Challenger Glacier from the top of Whatcom Pass
Although anticipating many hours on the trail to Beaver Pass, the 360 degree views of Little Beaver Valley, Whatcom Peak, Mount Challenger and a close up view of Challenger Glacier were reason enough to pause and enjoy the scenery before setting out with full force.
Extreme descent down Whatcom Pass
Descending Whatcom Pass, we dropped some 2000 feet (+/-) in 3/8 mile.  The tight switchbacks were rocky and very steep, and the boisterous waterfalls cascading from the Pickets above to the valley below grew louder and louder as we dropped.  The crew hiked intentionally well spaced, to avoid kicked or loosened rocks from above colliding with heads below.  On high alert, Tim heard a dislodged rock bounding down, yelled "rock!" to warn the guys below and watched as it shot past him at eye level.
On alert for flying rocks
Switchbacks on Whatcom Pass
Grinding downhill course

Miles of bushwhacking along uncleared trails
From the phenomenal vistas atop Whatcom Pass and along the steep descent down to Little Beaver trail, we crossed a giant rock bowl and entered a very bushy series of trails.  The heavy dew sprinkled us thoroughly on this refreshingly moist morning jungle hike, as the roar of countless waterfalls serenaded our steps.
Crew break following Whatcom Pass descent
An avalanche area along Little Beaver Trail resembled a war zone when Zac and I trekked through on Zac's second "X2R" (Cross 2 Ross) in 2008.  Downed trees and debris nearly completely obscured the trail in '08, but pink tape marked the general direction of travel to aid hikers.  Evidence of that massive slide still remains along the sides of the trails today, but the route is clear save the occasional downed tree awaiting removal by forest crews.
Caleb, at rest
Stream crossing with care on a slightly broken bridge
Water filtration and sock laundering stop along Little Beaver Creek, near Stillwell Camp
Bros on a bridge (over Little Beaver Creek)
The final section of day 3's journey to Beaver Camp included climbing 1500 feet (+/-) in about a mile, with swarming flies for company.  Warned by friendly hikers coming down from Beaver Pass about the extreme flies and wasps above didn't exactly elevate our hopes for a nice evening at camp.  Sure enough, the place was literally humming with all the insect infestation.  Head nets on, the guys set right to work building a fire in hopes that a smoke screen might deter some of the flying predators from feasting on us.  Not much measurable success in bug repellant efforts could be found with natural or chemical strategies, but there was an entertainment value in the desperation and hyper reaction to the ever present, aggressive flying force.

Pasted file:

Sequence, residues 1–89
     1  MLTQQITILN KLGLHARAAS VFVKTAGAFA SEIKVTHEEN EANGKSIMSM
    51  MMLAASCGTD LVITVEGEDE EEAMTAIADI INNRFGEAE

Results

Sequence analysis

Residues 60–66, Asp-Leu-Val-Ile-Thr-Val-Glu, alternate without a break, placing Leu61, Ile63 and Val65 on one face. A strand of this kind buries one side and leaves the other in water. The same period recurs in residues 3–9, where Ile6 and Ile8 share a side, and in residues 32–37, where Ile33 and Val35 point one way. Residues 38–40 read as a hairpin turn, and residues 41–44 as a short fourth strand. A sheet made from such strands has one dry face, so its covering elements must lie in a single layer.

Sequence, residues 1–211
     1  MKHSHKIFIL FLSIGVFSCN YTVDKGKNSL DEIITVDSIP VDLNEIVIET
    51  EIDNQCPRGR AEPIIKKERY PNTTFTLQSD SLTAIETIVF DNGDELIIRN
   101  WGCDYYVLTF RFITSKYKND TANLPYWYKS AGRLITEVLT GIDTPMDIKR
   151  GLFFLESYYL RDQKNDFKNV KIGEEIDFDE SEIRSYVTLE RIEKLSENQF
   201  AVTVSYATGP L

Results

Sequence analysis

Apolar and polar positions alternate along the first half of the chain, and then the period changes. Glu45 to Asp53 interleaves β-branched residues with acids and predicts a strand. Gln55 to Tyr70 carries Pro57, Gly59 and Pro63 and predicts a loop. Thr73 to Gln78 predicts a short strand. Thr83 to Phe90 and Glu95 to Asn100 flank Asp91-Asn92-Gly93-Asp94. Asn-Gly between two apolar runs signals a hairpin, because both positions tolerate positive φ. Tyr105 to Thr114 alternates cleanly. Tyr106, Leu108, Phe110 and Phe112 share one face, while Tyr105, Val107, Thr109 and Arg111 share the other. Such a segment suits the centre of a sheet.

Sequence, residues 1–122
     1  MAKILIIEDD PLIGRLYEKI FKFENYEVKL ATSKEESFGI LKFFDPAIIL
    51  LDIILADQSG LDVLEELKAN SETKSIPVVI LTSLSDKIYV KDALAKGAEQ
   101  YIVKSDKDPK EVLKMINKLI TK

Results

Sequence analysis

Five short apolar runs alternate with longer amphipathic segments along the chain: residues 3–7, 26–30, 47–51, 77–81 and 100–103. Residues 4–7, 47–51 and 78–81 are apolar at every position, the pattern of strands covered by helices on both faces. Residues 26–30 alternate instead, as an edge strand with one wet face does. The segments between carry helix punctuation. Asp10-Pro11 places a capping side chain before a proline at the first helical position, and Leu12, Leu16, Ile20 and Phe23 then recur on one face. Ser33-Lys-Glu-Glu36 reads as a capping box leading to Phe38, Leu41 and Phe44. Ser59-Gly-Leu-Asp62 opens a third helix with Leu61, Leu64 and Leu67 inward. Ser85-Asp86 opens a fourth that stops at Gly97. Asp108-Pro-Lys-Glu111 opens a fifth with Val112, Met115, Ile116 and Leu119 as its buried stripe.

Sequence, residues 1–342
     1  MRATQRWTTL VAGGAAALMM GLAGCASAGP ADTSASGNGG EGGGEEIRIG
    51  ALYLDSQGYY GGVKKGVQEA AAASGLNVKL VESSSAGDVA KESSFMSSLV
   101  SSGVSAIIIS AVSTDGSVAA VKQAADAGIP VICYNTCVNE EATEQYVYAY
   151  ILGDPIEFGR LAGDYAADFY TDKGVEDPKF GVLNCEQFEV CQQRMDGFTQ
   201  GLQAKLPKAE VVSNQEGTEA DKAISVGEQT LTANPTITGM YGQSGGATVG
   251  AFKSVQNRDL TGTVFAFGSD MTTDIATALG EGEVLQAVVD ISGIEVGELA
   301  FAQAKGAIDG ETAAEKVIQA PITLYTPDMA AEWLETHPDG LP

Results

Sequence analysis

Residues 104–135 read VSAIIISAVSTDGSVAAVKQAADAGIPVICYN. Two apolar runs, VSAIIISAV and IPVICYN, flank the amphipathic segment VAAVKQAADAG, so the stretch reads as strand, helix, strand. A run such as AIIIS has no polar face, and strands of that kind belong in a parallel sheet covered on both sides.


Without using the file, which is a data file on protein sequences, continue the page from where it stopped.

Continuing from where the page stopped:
Enoch and Peter on fire duty at Beaver Pass Camp
Memorable quotes from Beaver Camp:
"I'm kinda creeped out by the wasp that's eating flies off Peter's back!"
"If the swarm comes, we're in trouble!"
"We should interconnect our tents and play cards."

Friday, August 23, 2013

Cross 2 Ross '13 {Day 2: Copper Creek to Whatcom Camp}

Day 2 departure for an 11 mile trek to Whatcom Camp from the rocky shores of Copper Creek
Day 2 began with an early wake up call at 6AM, but one devout Scout arose each morning half an hour earlier than the crew for quiet prayer, an inspiration to all of us and surely a link to great aid and grace from above in our daily trials.  Community prayer before our daily departures and grace before meals punctuated our daily routine, and we enjoyed ample opportunity for prayer and meditation during the day-long treks.  With the grandeur of creation all around us, our thoughts turned to God quite naturally along the way; severe physical challenges also brought a desire to seek help from above.  Knowing that many at home were lifting us in prayer gave me great solace in trials and extra endurance to push through the pain.
Joseph, Caleb and Peter enjoy a second (or third?) round trip crossing of the Chilliwack River aboard the cable car.
Our second day on the long trail toward Ross Lake offered a recess of sorts.  After a short and relatively easy three mile hike we reached the cable car crossing of the Chilliwack River.  A ladder's climb to the take-off spot required careful negotiation with loaded packs and hiking poles.  Team effort allowed for the safe crossing of all our crew, our gear and a few extra round trips just for the fun of it.  Extra long stops at the center point offered those of us without height phobias to extend our view enjoyment and relax in something resembling a chair for a few extra minutes.  Bouncing was highly discouraged, but oh-so tempting for some lofty travelers.
Peter, powering the cable car over the Chilliwack River with his dad as the sole passenger.

Cable car passenger, treated to a long view-stop right in the middle of the expanse.

Science in motion

Without time constraints, some of us could have spent hours at the cable car crossing.

Joy riding high above the river, hoping to spot spawning salmon (which hadn't reached this area just yet).

Peter and Joseph ~ happy repeat customers

Perhaps a view of Whatcom Glacier through the clouds
A calculated move to reach Whatcom Camp on day 2 rather than stopping at the lower elevation Graybeal Camp meant that a ridiculously strenuous climb to reach Whatcom came in the final miles at the end of a long day's trek.  Another ground wasp attack left Zachary with 3 hits below the knee and subsequently, those of us in the caboose 'sprinted' up a set of three switchbacks to avoid further injuries.  Zachary doubled back to carry my pack on the breakneck uphill race to beat the wasps.  Successfully avoiding a second onslaught, we stopped to administer first aid to Zac's stings on along steep trail in a light mist.
Tim navigates through a giant slide site, attempting to stay on the 'trail'